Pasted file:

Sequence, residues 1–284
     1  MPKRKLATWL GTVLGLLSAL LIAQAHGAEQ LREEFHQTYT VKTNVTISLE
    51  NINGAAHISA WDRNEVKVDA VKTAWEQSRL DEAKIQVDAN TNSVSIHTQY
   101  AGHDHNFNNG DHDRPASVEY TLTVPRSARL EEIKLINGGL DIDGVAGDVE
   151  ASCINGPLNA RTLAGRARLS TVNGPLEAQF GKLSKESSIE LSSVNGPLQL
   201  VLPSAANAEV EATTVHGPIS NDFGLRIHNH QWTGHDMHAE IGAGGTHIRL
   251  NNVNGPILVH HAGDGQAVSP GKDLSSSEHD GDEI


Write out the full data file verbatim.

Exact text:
Sequence, residues 1–284
     1  MPKRKLATWL GTVLGLLSAL LIAQAHGAEQ LREEFHQTYT VKTNVTISLE
    51  NINGAAHISA WDRNEVKVDA VKTAWEQSRL DEAKIQVDAN TNSVSIHTQY
   101  AGHDHNFNNG DHDRPASVEY TLTVPRSARL EEIKLINGGL DIDGVAGDVE
   151  ASCINGPLNA RTLAGRARLS TVNGPLEAQF GKLSKESSIE LSSVNGPLQL
   201  VLPSAANAEV EATTVHGPIS NDFGLRIHNH QWTGHDMHAE IGAGGTHIRL
   251  NNVNGPILVH HAGDGQAVSP GKDLSSSEHD GDEI